M.P. Thakkar, J.
1. The appellant who has been convicted for the offence of being found drunk under Section 66(b) of the Bombay Prohibition Act has challenged the order of conviction and sentence passed by the learned City Magistrate, 7th Court, Ahmedabad on April 11, 1968 on the ground that the prosecution has failed to establish that the Bombay Prohibition (Medical Examination and Blood Test) Rules, 1959, hereinafter referred to as 'the Rules' have been complied with. On September 12, 1967 at about 3-15 a.m. when the appellant was in Manekchowk he was placed under arrest for being found drunk without being in possession of a permit for consuming liquor. P.W. 1 Kalekhan Sherkhan testified that upon receiving some information when he was on duty at about 3-15 a.m. he had proceeded to Manekchowk and had found the appellant in a drunken condition. Panchas were called, the Panchnama was made, and the appellant was sent to the Civil Hospital for being examined by a doctor. In the present case no doctor has been examined to show as to what he did when the appellant was brought to him. The certificate of the doctor is produced at Exh. 5 but it does not throw any light on the question as to what formalities were observed by the doctor and as regards the steps taken by him. Rule 4(1) of the Bombay Prohibition (Medical Examination and Blood Test) Rules, 1959 enjoins as under:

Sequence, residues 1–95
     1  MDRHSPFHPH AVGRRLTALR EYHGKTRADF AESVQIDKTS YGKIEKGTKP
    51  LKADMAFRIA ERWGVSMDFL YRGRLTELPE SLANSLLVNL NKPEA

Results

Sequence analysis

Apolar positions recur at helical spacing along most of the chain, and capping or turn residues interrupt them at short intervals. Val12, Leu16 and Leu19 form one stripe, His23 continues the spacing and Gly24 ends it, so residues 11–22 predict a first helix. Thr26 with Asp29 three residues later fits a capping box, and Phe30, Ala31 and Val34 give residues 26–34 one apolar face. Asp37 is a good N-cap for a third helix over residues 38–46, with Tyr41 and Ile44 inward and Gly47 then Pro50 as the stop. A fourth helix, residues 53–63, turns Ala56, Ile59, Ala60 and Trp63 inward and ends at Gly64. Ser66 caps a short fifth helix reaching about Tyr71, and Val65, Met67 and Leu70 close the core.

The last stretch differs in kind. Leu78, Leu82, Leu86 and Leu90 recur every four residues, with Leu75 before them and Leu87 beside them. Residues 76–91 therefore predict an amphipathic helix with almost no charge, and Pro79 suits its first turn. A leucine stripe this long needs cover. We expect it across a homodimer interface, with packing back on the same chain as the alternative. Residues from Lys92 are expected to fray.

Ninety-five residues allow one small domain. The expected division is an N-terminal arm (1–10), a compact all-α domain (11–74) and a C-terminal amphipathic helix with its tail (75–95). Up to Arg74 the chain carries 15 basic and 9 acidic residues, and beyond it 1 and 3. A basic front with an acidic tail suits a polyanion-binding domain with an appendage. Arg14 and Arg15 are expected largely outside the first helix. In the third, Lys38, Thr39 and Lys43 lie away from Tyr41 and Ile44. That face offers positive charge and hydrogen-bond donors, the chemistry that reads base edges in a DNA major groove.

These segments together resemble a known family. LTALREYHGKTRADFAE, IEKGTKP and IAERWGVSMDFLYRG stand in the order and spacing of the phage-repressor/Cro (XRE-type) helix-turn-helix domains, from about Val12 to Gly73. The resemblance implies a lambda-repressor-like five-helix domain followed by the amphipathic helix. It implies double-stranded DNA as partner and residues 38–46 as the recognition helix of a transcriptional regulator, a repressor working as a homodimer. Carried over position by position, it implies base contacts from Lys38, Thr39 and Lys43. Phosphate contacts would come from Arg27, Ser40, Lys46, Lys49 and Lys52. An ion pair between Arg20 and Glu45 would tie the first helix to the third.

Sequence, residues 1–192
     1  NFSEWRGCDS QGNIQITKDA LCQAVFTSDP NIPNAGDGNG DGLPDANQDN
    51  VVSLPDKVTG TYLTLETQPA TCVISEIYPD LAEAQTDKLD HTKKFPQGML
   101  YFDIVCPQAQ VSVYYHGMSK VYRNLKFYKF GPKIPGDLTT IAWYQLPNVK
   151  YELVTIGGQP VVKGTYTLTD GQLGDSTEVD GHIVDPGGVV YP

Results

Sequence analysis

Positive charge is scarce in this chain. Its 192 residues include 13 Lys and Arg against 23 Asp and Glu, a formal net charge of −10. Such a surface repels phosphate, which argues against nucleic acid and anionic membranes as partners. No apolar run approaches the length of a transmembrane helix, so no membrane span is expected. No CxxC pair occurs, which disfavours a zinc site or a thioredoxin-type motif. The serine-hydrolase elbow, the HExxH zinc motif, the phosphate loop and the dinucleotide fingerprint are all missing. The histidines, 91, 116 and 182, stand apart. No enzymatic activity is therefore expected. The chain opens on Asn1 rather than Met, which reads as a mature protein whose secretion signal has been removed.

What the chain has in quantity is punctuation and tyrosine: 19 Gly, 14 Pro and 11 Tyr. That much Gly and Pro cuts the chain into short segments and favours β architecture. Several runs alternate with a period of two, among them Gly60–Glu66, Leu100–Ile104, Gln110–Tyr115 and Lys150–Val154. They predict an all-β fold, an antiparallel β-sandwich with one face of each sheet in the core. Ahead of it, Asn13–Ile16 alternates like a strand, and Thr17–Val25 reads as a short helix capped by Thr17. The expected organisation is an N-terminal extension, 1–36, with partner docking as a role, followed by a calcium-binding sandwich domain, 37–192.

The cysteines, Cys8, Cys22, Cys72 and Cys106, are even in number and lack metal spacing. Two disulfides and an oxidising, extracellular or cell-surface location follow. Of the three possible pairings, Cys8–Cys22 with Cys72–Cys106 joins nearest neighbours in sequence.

(1) The registered medical practitioner shall use a syringe for the collection of the blood of the person produced before him under Rule 3. The syringe shall be sterilized by putting it in boiling water before it is used for the aforesaid purpose. He shall clean with sterilized water and swab the skin surface of that part of such person's body from which he intends to withdraw the blood. No alcohol shall be touched at any stage while withdrawing blood from the body of the person. He shall withdraw not less than 5 c.c. of venous Wood in the syringe from the body of the person. The blood collected in the syringe shall then be transferred into a phial containing anticoagulant and preservative and the phial shall then be shaken vigorously to dissolve the anticoagulant and preservative in the blood. The phial shall be labelled and its cap sealed by means of sealing was with the official seal or the monogram of the registered medical practitioner.